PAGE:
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Re: VIAF contributor model

From: Ross Singer <ross.singer@talis.com>
Date: Mon, 1 Nov 2010 10:43:18 -0400
Message-ID: <AANLkTimrmpPmpbtxhFHvuCK81hGKw=kKkxP0_L8h4_Oy@mail.gmail.com>
To: Karen Coyle <kcoyle@kcoyle.net>
Cc: public-lld <public-lld@w3.org>
On Mon, Nov 1, 2010 at 10:11 AM, Karen Coyle <kcoyle@kcoyle.net> wrote:
> Quoting Ross Singer <ross.singer@talis.com>:
>> On Mon, Nov 1, 2010 at 6:31 AM, Haffner, Alexander <A.Haffner@d-nb.de>
>> wrote:
>>> However, back to the formats I don’t want to discuss J foaf doesn’t have
>>> the
>>> power to reflect our comprehensive data – I thought we want to make this
>>> high quality data available for the public –if so we should have a closer
>>> look modeling the data in FRBRer, FRAD and/or RDA in parallel to the SKOS
>>> representation.
>> I keep seeing this statement getting made: "FOAF/SKOS are not
>> expressive enough for our data" and I'm simply not buying it.
>> Can somebody please back up this claim?  FOAF defines personal and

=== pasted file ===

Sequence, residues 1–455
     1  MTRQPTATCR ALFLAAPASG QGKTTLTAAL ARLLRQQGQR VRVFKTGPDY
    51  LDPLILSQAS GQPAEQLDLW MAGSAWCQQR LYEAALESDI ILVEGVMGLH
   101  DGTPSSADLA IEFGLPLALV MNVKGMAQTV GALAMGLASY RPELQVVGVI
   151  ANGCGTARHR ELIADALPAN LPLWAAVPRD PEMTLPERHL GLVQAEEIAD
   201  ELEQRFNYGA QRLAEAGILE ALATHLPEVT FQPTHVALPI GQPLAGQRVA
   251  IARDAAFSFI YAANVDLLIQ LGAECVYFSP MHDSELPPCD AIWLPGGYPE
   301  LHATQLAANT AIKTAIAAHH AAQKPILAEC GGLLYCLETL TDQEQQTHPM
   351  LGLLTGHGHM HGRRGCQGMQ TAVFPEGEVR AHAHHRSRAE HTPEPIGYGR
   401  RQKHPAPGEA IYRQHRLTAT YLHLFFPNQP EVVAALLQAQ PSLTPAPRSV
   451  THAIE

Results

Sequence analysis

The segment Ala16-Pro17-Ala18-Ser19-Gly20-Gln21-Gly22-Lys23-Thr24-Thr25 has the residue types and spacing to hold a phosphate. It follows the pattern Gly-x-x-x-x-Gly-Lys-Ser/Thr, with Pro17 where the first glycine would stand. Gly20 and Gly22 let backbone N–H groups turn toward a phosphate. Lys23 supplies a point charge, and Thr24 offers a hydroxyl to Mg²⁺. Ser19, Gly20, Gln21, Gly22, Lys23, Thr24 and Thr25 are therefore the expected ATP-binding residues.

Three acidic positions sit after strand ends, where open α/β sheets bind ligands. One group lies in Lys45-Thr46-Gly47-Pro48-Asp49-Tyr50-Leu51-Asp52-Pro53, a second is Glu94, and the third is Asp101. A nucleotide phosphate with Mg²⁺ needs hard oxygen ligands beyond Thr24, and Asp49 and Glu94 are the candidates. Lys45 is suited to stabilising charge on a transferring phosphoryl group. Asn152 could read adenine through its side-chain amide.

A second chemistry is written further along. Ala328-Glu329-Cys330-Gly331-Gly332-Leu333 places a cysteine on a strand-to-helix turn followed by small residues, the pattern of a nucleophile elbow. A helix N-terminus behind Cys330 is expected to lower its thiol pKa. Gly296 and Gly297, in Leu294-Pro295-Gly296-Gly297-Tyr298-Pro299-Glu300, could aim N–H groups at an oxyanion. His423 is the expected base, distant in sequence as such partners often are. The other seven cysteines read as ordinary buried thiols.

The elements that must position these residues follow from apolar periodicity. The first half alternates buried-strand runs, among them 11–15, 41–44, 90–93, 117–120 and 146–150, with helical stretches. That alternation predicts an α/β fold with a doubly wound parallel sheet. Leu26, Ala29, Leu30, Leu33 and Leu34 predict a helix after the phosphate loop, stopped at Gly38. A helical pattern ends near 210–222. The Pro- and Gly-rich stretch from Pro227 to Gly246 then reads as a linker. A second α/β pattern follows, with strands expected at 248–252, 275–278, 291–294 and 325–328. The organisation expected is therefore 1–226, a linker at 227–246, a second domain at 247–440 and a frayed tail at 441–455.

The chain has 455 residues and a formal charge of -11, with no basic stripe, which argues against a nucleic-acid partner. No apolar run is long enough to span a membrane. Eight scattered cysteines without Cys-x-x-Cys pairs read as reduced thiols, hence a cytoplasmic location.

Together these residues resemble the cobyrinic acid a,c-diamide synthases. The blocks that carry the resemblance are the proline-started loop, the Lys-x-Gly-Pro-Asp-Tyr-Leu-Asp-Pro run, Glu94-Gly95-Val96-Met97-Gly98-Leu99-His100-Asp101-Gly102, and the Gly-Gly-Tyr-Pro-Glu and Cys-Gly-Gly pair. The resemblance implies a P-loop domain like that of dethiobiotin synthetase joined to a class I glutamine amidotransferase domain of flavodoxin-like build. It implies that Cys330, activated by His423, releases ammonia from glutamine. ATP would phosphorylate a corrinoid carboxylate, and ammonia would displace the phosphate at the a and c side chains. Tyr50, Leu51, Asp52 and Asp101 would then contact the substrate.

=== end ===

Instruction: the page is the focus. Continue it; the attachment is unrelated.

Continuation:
>> organizational entities.  SKOS defines concepts.
>> Those are exactly the things we're describing.
> Ross, at a class level you are right. But if you look at the properties
> defined by foaf and the properties used in FRAD, there is virtually no
> overlap. So I think when people make that claim, they are talking about
> available properties, not classes.
Right, and I have no issue with coining new properties where there are none.

My point is simply that RDA, FRBRer and their ilk should avoid
defining classes wherever possible, since "type", I think, is the
easiest starting point for somebody (or something) to figure out what
exactly it's looking at.

I would avoid subclassing where possible, as well, since I think ratio
of agents with reasoning is likely to go down as linked data becomes
more mainstream.  Simple agents won't understand that rda:Person is a
kind of foaf:Person and unless there is some huge payoff I'm just not
seeing, it seems like would just further alienate us.

Received on Monday, 1 November 2010 14:43:51 UTC

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